Los Angeles Theater Review: CONSTELLATIONS (Geffen Playhouse in Westwood)

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by Samuel Garza Bernstein on June 16, 2017

in Theater-Los Angeles


I have a brother-in-law who is a mathematician and a brother who’s an astrophysicist. Both have tried to explain to me what they do, with little success. Solar winds, dark matter, and pure math remain as impenetrable to me as fantasy football. So, I approached Nick Payne’s Constellations with trepidation. It’s the physics-infused story of the many iterations of a romantic partnership. Would I get it? Would I find myself pretending to be smarter than I am to save face? Would it be as infuriatingly opaque as The Bald Soprano was to me in high school?

There answers are yes, no, and no. Payne uses physics literally and as both parable and plot device in his internationally acclaimed two-character play. Scenes begin, stop, and begin again any number of times, in multiple universes. It starts off with something like eight different courses of action taken in response to an assertion that the secrets of immortality are contained within the impossibility of licking one’s own elbow.

An English couple, physicist Marianne (Ginnifer Goodwin) and beekeeper Roland (Allen Leech), meet, and their relationship runs the gamut from thriving love affair to going down in flames. “A beekeeper?” she asks him in one scene, “Do you actually make money doing that?” In some scenes, they meet-cute and flirt, in others they barely register to one another.

The stories settle in on several tracks. On one she cheats, on another he does; she contemplates taking her own life as incurable brain cancer causes her to lose the power of words, or in still another thread, the tumor is benign and they believe they will have their happy-ever-after. Even in that version, though, Marianne is a distinct departure for Goodwin from her role in the ABC fantasy drama Once Upon a Time. It’s fun watching her stretch her acting muscles in this sometimes chaotic journey through memory and shifting moods.

Irish actor Allen Leech is familiar to American audiences from his role as Tom, the chauffeur who marries into the aristocracy on Downton Abbey. The sweetness and charm that made him on audience favorite is abundant here. Even in scenes where he’s the cad, we’re eager to forgive him; happily taken in by his boyish grin. This is not to slight his acting chops. Like Goodwin, he manages the twists and turns of the fractured text with confidence and no small amount of wit.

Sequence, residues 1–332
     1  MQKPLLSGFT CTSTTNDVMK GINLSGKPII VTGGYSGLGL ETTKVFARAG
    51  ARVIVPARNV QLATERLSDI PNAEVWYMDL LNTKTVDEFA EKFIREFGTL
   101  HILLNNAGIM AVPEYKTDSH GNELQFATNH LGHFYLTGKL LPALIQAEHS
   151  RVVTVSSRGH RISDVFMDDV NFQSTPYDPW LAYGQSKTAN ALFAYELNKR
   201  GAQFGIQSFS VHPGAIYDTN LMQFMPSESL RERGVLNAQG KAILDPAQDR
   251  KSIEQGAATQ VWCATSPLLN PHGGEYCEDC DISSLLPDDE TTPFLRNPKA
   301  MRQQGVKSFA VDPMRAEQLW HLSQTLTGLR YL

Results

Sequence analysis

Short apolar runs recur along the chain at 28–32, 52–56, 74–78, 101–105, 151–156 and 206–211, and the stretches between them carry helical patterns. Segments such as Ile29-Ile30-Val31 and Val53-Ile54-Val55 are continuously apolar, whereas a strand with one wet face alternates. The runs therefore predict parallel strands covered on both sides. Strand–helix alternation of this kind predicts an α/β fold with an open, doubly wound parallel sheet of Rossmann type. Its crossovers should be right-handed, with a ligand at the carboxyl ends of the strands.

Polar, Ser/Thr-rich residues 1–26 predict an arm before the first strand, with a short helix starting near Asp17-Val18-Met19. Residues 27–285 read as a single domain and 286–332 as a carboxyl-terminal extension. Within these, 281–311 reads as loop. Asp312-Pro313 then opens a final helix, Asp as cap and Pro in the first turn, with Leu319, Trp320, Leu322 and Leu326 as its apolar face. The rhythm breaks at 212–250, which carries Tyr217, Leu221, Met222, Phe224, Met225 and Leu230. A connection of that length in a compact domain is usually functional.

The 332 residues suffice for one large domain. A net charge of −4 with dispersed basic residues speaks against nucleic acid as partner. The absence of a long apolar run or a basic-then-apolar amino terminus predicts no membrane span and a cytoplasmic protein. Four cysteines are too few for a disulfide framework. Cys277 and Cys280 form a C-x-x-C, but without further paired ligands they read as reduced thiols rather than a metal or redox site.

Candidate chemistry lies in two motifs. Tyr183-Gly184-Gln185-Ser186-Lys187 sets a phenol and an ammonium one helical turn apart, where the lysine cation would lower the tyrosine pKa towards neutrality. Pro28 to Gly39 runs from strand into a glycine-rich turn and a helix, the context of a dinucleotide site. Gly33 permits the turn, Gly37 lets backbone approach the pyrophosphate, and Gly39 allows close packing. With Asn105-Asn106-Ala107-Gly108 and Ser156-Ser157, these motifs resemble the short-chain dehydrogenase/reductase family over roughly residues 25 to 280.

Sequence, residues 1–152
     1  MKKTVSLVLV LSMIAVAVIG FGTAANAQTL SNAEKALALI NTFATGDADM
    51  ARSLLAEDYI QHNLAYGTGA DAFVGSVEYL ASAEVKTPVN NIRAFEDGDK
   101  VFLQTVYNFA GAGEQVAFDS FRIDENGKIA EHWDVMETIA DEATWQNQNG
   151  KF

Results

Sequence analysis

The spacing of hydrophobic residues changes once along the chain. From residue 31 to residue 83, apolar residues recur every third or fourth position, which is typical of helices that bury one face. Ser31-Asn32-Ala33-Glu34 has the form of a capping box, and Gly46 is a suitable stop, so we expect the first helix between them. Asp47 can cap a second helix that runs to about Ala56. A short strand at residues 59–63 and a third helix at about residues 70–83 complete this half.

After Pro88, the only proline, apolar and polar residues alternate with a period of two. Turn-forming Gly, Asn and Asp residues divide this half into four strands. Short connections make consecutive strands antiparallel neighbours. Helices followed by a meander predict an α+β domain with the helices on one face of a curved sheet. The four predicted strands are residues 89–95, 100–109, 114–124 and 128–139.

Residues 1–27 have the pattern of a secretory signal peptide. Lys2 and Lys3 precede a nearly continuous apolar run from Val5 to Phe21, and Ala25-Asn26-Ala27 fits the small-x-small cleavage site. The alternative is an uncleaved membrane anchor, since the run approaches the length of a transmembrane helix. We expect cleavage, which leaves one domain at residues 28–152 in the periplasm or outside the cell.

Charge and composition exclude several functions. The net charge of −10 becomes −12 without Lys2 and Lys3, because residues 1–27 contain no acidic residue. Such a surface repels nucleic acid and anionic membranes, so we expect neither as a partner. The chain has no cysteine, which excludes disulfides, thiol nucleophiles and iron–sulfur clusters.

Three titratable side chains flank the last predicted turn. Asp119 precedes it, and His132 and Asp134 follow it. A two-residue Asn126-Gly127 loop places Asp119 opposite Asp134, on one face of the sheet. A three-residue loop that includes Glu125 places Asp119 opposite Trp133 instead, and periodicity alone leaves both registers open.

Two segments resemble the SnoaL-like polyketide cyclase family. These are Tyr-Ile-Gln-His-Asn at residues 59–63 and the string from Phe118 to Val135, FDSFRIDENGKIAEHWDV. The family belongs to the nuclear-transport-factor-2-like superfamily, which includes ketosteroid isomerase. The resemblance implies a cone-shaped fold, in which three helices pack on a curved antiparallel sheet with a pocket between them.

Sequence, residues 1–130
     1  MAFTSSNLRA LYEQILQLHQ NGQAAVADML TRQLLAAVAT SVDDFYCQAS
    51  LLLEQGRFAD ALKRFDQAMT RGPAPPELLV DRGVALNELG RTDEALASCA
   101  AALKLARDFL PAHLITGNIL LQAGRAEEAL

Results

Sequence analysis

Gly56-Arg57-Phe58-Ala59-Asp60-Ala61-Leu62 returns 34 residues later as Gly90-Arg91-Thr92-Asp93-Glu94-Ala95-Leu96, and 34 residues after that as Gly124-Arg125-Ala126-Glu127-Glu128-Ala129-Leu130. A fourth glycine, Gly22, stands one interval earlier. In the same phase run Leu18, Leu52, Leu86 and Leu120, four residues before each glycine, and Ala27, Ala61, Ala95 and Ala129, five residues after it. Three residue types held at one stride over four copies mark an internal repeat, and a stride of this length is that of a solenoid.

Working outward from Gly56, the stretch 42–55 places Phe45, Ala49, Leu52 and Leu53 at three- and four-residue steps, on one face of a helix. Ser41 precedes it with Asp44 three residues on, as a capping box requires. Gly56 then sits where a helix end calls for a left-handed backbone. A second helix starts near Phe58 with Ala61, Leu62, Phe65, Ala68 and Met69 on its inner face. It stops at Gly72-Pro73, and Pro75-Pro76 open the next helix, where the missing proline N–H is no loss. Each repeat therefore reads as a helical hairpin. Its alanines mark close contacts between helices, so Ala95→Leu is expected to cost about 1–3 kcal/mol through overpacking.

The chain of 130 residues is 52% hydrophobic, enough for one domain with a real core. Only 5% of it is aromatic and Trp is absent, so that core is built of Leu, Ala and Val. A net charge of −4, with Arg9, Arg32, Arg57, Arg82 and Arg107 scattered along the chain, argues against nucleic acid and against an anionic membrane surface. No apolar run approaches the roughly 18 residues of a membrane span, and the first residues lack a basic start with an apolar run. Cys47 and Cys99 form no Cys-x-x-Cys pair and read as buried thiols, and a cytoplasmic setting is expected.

And yet… Here’s the thing: I didn’t get it. I admired it, but that isn’t the same. Surprisingly, the physics are clear as day, with props to Payne for keeping the science interesting, understandable, and effortless. What I don’t get is how the characters’ innumerable trajectories in their various universes are meant to have an emotional impact. The play didn’t stay with anything long enough to move me. I was beguiled occasionally, but nothing really landed. It got me wondering if it’s me, if the multiple narrative thing just isn’t my bag. But then I remembered Henry Murray’s play staged several years ago at Rogue Machine, Three Views of the Same Object, where three narratives of the same situation play out in a way I found deeply moving.

Then again, why must I justify myself… to… myself? This is the trouble when the audience responds passionately to a play (as it did at the Geffen), and the world has showered it with admiration: You feel compelled to find a reason if you don’t love it. Or at least I do. My own husband came away wildly enthusiastic. Am I just being contrary?

I do have some legitimate quibbles: A dialect coach wouldn’t go amiss. Leech slips in and out of a sort of East End-cum-Essex patter when he’s upbeat, and a vaguely Northern accent when downcast. That may be a creative choice, after all, if he can be in different universes, he might be from Essex in one, and Shoreditch and Manchester in others. But sometimes the drift was in the same scene. And Goodwin seems to be doing some variation of Received Speech, the plummy accent the BBC mandated until sometime in the 1970s, with occasional American lapses.

In the second act there’s an extended period where they go into sign language. I caught myself wondering idly whether it’s ASL (American Sign Language) or BSL (British Sign Language), since, after all, they are entirely different. As I thought about that and watched Goodwin and Leech sign, I realized I was not as emotionally connected as I might wish.

Director Giovanna Sardelli’s staging is curiously two-dimensional at times, flat and presentational. And I don’t know what the technical budget was, but Takeshi Kata’s set looks cheap, its spherical lights evoking not the cosmos, nor even an English country barbecue. More like Home Depot.

So that’s me, not getting it. But who knows, in some other universe, I might be loving it even as we speak. And I don’t mean that facetiously. Other people stood and cheered. And that’s much more fun than feeling like the odd man out.

photos by Chris Whitaker

Gil Cates Theater at the Geffen Playhouse
10866 Le Conte Avenue in Westwood
Tues-Fri at 8; Sat at 3 & 8; Sun at 2 & 7
ends on July 16, 2017 EXTENDED to July 23, 2017
for tickets, call 310.208.5454 or visit Geffen Playhouse

{ 1 comment… read it below or add one }

Ester Benjamin Shifren July 5, 2017 at 4:00 pm

Thank you for your honest review. You’ve completely echoed my own sentiments! It was overkill, even with good acting. The stage was absolutely devoid of anything descriptive. The scant furniture moved around quite effectively, but it was, well, scant! I had no positive emotions, was waiting for something to happen, and was constantly disappointed. I’m a reviewer, thankful I wasn’t called upon to pen my opinion. You are brave!


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